Notionpost 3: the furrowed brow and distant gaze

After showing our choral invention to Aaron, he said “It’s wrong in 120 ways and right in 115 ways!” And we all laughed.

One of Aaron’s gifts as a director is the mood he creates in the rehearsal room. I’m not sure how he does it, but there is something both amusing and disciplined about it. We are all at ease, we joke around and laugh a lot, then get really quiet and focused responding to some small cue we get from him. He tells stories from his own life and experience a lot but it never seems self-aggrandizing. A large part of it is that he self-effacing. He’s not on an ego-trip. Though he clearly has an ego, it doesn’t make him nasty, it makes him sweetly vulnerable. Another paradox: he seems both vulnerable and confident at the same time. And he loves actors: he loves working with us, he loves our successes and failures and seems genuinely interested in what we create. It’s this last attribute, one that I have experienced in other directors, that seems most important. And it must be noted, there are directors that don’t love actors; that are, in fact, either intimidated or embarrased by us.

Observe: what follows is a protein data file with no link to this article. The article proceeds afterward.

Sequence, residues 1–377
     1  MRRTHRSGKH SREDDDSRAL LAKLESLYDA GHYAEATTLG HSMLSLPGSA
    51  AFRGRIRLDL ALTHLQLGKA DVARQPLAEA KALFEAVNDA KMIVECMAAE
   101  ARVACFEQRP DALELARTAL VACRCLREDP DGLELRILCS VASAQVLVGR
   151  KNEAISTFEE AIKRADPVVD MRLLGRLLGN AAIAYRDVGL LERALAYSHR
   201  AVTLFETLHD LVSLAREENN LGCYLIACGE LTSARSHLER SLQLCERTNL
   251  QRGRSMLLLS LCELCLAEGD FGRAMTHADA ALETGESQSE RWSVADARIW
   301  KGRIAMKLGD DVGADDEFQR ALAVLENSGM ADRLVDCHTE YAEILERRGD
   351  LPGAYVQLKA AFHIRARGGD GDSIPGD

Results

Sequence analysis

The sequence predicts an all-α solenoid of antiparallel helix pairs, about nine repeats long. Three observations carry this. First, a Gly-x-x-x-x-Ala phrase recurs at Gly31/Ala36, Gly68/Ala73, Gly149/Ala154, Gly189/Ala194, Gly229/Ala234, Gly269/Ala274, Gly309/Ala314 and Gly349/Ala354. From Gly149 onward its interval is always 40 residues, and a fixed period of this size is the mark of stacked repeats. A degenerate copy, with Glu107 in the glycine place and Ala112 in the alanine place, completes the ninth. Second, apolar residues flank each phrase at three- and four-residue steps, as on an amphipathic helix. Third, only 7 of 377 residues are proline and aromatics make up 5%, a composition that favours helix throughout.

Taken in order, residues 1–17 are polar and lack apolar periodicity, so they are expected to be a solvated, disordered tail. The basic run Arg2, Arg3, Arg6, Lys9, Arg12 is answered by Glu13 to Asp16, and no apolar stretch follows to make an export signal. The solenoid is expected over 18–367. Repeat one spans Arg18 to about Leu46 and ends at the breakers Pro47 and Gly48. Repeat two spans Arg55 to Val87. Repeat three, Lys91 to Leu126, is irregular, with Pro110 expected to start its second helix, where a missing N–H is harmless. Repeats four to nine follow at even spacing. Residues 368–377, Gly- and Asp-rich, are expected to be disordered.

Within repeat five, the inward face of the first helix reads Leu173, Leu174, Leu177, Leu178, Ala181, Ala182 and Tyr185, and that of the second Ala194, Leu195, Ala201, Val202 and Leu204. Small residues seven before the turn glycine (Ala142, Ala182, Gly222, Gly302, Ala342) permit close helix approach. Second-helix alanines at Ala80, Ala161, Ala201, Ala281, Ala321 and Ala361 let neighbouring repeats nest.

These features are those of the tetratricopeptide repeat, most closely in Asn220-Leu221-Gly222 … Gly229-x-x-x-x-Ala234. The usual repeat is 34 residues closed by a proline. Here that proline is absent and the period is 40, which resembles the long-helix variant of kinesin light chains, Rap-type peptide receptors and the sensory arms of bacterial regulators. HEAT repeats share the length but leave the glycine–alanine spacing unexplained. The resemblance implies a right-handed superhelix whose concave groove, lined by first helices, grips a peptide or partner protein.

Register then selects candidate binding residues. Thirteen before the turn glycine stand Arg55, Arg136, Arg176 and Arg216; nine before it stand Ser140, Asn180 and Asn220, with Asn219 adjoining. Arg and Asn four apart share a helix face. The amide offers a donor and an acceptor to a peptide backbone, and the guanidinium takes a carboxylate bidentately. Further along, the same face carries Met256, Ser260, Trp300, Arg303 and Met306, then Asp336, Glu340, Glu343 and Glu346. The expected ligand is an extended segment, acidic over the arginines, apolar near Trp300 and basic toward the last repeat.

I’m fascinated by the way actors and directors communicate in subtle ways in rehearsal. In a new play workshop, there’s a special emphasis on this kind of subtle communication. We are here not only to bring characters to life, but to be a group of dramaturgs, offering Aaron feedback on the structure of scenes, lines or situations that seem to work, or not, to us. Sometimes it’s the pensive look on a face that will provoke him to ask, “Got a thought?” There’s also a kind of collective thrill that occurs when a scene works well, and a kind of tuning out when something is dragging or confusing.

So much in the theatre, both scripted and unscripted, on the stage and off, rises or falls based on the glance, the furrowed brow, the mysterious smile, the distant gaze.